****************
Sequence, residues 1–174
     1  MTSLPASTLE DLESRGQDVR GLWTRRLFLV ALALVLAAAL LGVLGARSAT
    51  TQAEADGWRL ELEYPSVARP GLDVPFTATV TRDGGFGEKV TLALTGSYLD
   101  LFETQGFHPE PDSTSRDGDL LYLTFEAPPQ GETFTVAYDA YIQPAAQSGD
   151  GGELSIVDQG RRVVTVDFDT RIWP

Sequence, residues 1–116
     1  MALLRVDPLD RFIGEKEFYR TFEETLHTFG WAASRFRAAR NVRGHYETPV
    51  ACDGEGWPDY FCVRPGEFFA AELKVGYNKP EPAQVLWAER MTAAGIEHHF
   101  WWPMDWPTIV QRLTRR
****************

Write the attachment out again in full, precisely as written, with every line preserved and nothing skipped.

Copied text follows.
Sequence, residues 1–174
     1  MTSLPASTLE DLESRGQDVR GLWTRRLFLV ALALVLAAAL LGVLGARSAT
    51  TQAEADGWRL ELEYPSVARP GLDVPFTATV TRDGGFGEKV TLALTGSYLD
   101  LFETQGFHPE PDSTSRDGDL LYLTFEAPPQ GETFTVAYDA YIQPAAQSGD
   151  GGELSIVDQG RRVVTVDFDT RIWP

Sequence, residues 1–116
     1  MALLRVDPLD RFIGEKEFYR TFEETLHTFG WAASRFRAAR NVRGHYETPV
    51  ACDGEGWPDY FCVRPGEFFA AELKVGYNKP EPAQVLWAER MTAAGIEHHF
   101  WWPMDWPTIV QRLTRR